When the people around her seem to grow at the cost of her loss, look again.  Listen. Their expansion could be her battle cry.  She is victorious through nurture and sacrifice.

It is a power connected to the heart of the universe.  A strength that fueled a nun to care for lepers, and prompted a man to share a dream of equality.  It echoes through every positive change humans have ever seen, and grows every day under the protection of guardians like our moms.

Does that really sound like shrinking to you?  Because to me it sounds like something big enough to expand its way right past the hemmed edges of the galaxy.

squigg4 I realize now that I wasn’t worried that I would become my mother. I was worried that I would never become the sort of person worth the sacrifices she made.

Snaps to you for showing off your power.  I hope you know that your mom is right to give to you: you are worthy of all the good this world has to offer.  If you can accept that truth, I think you’ll find you’ll stop apologizing for empowerment.  Just do good with it.

With love from a big sister born of the same big power,


I probably won’t respond to any comments about feminism, because it’s an issue that goes much deeper than my type of blog– but as always, you’re welcome to share your thoughts as long as you play nice.  This post has seen the light of day due to a Daily Post prompt, asking about the post I was most nervous to publish, and what it was like to set it free.  I’ll get back to you on that last part of the question depending on how scary my comment section ends up being.

Have you ever driven on black ice? It’s one of my top fears, even before this night.

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  1. I think there is a difference between a strong woman and a shrinking woman. And I think a woman can be both of these things; women often vacillate between the two. When you speak of late-night-yogurt’s as strength I believe this is both shrinking and strength. Shrinking because they feel the need to do it in the first place, and strength for powering through.
    I also believe that just because a woman has been born into a privileged family does not mean there are no obstacles, no fears, no repression. Don’t mistake privilege for power.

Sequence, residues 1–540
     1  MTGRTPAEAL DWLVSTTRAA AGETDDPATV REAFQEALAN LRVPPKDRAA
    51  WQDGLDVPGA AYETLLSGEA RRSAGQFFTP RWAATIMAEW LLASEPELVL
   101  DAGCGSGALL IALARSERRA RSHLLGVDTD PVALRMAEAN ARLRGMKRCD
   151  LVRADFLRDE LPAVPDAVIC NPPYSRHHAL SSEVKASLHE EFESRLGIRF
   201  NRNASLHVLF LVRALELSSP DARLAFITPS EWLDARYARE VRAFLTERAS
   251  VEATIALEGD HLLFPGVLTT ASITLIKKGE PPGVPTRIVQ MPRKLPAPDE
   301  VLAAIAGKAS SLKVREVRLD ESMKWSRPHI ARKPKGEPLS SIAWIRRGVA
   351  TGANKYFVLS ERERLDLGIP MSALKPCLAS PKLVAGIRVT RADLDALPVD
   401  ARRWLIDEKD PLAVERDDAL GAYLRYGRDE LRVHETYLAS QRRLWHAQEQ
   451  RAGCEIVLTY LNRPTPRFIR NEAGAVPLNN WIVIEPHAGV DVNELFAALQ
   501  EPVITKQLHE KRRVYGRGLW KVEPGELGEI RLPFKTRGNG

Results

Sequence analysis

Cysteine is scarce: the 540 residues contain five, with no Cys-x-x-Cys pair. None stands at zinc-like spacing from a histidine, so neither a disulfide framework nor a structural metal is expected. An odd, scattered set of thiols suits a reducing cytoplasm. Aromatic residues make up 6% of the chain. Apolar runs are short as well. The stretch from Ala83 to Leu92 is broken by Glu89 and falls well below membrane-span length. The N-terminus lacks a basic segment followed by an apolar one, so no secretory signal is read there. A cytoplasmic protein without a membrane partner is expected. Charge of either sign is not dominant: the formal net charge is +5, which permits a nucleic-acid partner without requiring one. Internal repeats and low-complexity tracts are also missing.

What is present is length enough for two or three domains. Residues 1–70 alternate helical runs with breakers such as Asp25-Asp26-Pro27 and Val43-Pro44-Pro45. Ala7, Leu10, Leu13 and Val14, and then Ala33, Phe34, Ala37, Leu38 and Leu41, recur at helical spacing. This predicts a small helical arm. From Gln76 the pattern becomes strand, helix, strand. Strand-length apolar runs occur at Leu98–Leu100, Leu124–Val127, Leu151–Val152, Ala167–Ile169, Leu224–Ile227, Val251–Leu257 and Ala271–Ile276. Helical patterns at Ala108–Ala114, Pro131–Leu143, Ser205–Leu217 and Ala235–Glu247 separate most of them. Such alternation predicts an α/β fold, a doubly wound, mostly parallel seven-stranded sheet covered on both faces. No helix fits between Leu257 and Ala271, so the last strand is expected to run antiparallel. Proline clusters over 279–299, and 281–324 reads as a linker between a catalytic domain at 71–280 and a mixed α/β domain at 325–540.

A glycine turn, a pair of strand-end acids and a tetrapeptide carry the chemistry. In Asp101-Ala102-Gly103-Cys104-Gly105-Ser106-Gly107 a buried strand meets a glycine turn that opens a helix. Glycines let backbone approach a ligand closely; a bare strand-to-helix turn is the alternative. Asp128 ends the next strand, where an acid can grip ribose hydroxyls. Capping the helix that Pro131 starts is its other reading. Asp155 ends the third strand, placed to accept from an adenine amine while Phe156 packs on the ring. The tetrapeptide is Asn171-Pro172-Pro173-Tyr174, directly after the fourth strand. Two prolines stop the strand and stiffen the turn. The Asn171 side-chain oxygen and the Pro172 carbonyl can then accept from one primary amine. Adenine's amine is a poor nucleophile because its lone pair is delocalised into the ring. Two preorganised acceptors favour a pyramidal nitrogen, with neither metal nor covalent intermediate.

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  2. I just thought I’d comment to say that it’s interesting the perspectives we have on the things we hear, and also the state of mind that we’re in when we hear them. I heard nothing of feminism in the poem (and I understand your frustration with the term, I share it). For me it was commentary on women and their unhealthy relationship with food. As someone who struggles with food addiction, feeling alienated because of my food-relationship, I found it an incredibly important piece of art.

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    1. So true! Had it been presented to me as a poem about food, I would have analyzed it with a different brain! :) You commented before I edited my post to include a sentence about how brilliant I really did think the poem was, especially the execution– but and because of it’s brilliance, some of the lines that would have passed by someone else’s radar needled me. It’s a good poem when 4 people hear it, everyone feels something– and thinks differently about it. :) Thank you for sharing your perspective of it, and giving me another mentality to hear it with. :)

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  3. Rara, you mother sounds amazing. What’s wonderful is your appreciation of her. I loved Lily’s poem. I thought of my mother, who was an alcoholic trying to raise 5 kids. I thought of how good my relationship is with her now that she’s been sober almost 18 years. I thought about how different I want my relationship with my own daughter to be. Basically her poem made me think. So did your post. Your post made me remember some of the good times when my mom was able to give herself freely to us. It made me want to look for more things to appreciate about her. Thank you for posting something that made you nervous!

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    1. She is pretty amazing, :) and I also loved Lily’s poem, even though I didn’t agree with much of it… or maybe BECAUSE I didn’t agree with much of it, enough to inspire me to write about a topic that I normally shy away from. Thank you for reading and for sharing your experiences with your mother– I hope you find some more things to hold onto and appreciate! :)

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  4. Skip the labels and we really all believe the same stuff. Labels just drive us apart. I didn’t appreciate my mother until way too late, when there was almost no time left for her … or us. I have very few regrets, but that’s a big one. It would have been so easy to spend more time. I didn’t take the opportunity. Too busy.